M. J. Niekus, P. R. Kozowyk, G. H. Langejans, D. Ngan-Tillard, H. van Keulen, J. van der Plicht, K. M. Cohen, W. van Wingerden, B. van Os, B. I. Smit, L. W. Amkreutz, L. Johansen, A. Verbaas, and G. L. Dusseldorp, “Middle Paleolithic Complex Technology and a Neandertal tar-backed tool from the Dutch North Sea,” Proceedings of the National Academy of Sciences, vol. 116, no. 44, pp. 22081–22087, 2019.


This study analyzes and dates a 50,000-year-old hafted flint flake from the Northernmost range of Neanderthal expansion during the Middle Paleolithic, and discusses the implications of these findings. The flake in question is identified as a “domestic” type of stone tool, i.e. a convenience and not a necessity for survival. It was hafted with birch tar in spite of small group sizes, high environmental stress, and high residential mobility (vagrancy), which indicates that birch tar was produced efficiently enough that unnecessary hafting still conferred fitness under these conditions. This provides evidence for my claim that the birch tar production process was efficient, which is the second part of my argument that it meets the definition of engineering (and therefore quality thinking).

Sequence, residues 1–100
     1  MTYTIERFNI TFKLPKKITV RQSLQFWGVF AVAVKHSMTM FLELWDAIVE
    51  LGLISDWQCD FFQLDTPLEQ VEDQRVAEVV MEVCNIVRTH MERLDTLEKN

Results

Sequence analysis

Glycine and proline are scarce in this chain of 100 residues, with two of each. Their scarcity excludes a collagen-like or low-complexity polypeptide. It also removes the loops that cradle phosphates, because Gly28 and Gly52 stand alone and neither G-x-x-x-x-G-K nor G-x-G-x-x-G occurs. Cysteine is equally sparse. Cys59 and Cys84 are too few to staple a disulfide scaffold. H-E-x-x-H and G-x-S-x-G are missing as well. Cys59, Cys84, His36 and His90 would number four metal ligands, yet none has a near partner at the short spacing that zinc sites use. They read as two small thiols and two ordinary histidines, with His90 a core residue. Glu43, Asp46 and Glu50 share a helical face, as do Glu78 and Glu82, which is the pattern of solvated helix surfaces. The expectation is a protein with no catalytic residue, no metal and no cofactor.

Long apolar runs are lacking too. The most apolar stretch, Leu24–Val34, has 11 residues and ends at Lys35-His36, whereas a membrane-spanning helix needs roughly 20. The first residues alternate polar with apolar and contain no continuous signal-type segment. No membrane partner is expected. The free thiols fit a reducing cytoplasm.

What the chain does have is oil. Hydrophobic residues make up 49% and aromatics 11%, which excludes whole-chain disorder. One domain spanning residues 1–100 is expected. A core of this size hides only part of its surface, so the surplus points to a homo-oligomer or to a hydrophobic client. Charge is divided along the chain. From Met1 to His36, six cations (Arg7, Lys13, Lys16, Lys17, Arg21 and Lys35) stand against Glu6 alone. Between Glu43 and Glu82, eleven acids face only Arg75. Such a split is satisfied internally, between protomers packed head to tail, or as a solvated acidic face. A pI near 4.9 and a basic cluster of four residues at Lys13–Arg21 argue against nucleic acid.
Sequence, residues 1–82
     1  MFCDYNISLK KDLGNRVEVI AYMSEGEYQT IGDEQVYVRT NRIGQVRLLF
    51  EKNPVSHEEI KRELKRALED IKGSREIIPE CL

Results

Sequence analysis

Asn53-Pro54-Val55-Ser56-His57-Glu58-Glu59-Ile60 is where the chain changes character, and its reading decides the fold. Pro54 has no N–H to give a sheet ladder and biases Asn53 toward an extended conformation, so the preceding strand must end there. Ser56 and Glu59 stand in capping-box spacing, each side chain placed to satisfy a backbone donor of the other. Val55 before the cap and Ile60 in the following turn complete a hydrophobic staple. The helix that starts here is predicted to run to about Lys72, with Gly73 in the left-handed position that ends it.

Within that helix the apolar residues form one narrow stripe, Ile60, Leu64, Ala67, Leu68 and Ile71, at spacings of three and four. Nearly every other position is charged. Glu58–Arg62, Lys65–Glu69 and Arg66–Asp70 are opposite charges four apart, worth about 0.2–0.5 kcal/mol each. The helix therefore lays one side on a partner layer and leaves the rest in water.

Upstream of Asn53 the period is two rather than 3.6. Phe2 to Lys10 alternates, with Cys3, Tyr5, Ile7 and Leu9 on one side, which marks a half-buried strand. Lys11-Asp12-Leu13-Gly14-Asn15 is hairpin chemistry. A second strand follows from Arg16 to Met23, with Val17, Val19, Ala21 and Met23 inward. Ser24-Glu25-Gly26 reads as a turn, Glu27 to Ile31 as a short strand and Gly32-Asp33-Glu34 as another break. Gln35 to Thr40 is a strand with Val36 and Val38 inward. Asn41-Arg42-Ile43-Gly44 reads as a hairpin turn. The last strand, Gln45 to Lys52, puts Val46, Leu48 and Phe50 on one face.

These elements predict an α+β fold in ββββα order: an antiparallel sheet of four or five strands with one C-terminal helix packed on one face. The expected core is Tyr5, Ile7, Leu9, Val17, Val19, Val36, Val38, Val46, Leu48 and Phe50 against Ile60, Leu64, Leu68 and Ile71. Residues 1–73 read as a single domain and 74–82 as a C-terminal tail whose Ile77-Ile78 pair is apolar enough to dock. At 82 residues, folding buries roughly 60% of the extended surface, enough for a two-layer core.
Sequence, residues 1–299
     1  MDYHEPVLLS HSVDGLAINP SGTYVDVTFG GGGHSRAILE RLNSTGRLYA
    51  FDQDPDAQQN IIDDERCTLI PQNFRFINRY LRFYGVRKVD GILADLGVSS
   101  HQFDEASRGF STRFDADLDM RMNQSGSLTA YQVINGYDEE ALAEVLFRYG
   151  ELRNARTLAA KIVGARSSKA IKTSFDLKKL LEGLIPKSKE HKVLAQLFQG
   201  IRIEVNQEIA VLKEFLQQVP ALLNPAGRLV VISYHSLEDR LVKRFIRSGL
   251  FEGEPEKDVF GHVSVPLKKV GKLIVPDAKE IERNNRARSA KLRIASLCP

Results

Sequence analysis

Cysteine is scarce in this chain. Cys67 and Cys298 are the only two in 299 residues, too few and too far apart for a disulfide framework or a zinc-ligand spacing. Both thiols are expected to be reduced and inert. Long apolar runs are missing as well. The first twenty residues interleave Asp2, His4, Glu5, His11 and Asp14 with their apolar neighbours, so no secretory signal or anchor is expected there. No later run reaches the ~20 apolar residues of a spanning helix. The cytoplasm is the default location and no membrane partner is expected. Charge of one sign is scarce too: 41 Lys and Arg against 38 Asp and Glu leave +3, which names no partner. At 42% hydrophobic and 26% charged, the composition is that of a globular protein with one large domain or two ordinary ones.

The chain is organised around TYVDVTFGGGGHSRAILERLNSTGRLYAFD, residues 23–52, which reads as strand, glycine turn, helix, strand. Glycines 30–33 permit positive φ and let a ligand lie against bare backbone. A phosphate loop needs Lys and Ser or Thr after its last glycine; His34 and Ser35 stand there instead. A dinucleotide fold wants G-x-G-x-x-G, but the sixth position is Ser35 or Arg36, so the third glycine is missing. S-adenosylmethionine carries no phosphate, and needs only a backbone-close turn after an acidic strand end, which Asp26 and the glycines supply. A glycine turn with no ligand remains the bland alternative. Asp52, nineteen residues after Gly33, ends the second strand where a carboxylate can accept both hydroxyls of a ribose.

T. J. Koch and P. Schmidt, “The formation conditions of birch tar in oxygen-depleted environments,” Archaeological and Anthropological Sciences, vol. 13, no. 6, 2021.


This study presents a number of findings that undercut the claims of the Schmidt et al. study I used as a contrasting perspective. It is not strictly necessary to my argument but I included it because it provides a secondary reason (behavioral complexity) for my overall claim (quality thinking), which makes it more reliable, and because it is problematic to the group I identified as “skeptics” in the writeup. In particular, the researchers demonstrate that birch tar can only be produced in a temperature range of 350-400 degrees Celcius (contra Schmidt et al.), which implies the absolute necessity of air-constricted conditions to prevent burning. Another useful finding is that maximum birch tar yield can theoretically be achieved 15 minutes after reaching the working temperature, which yields insight into how efficient production could have been achieved.

The authors suggest that their production method most closely approximates Neolithic single-pot and Middle Paleolithic earthen pit methods of birch tar production. Though it is not discussed in this study, it’s notable that we have not found evidence of Neanderthal ceramics from the Middle Paleolithic (as in the “domestic” flake mentioned in the annotation above). Without portable ceramic vessels, the production process would have had to be even more efficient because it would require the creation of an earthen pit at each site, which significantly increases the time of each working session. All this is unnecessary to my original argument, but it is useful to include because it buttresses my conclusion and implicitly casts serious doubt on the objections and findings reported by researchers from the opposing perspective.

About Aeoli Pera

Maybe do this later?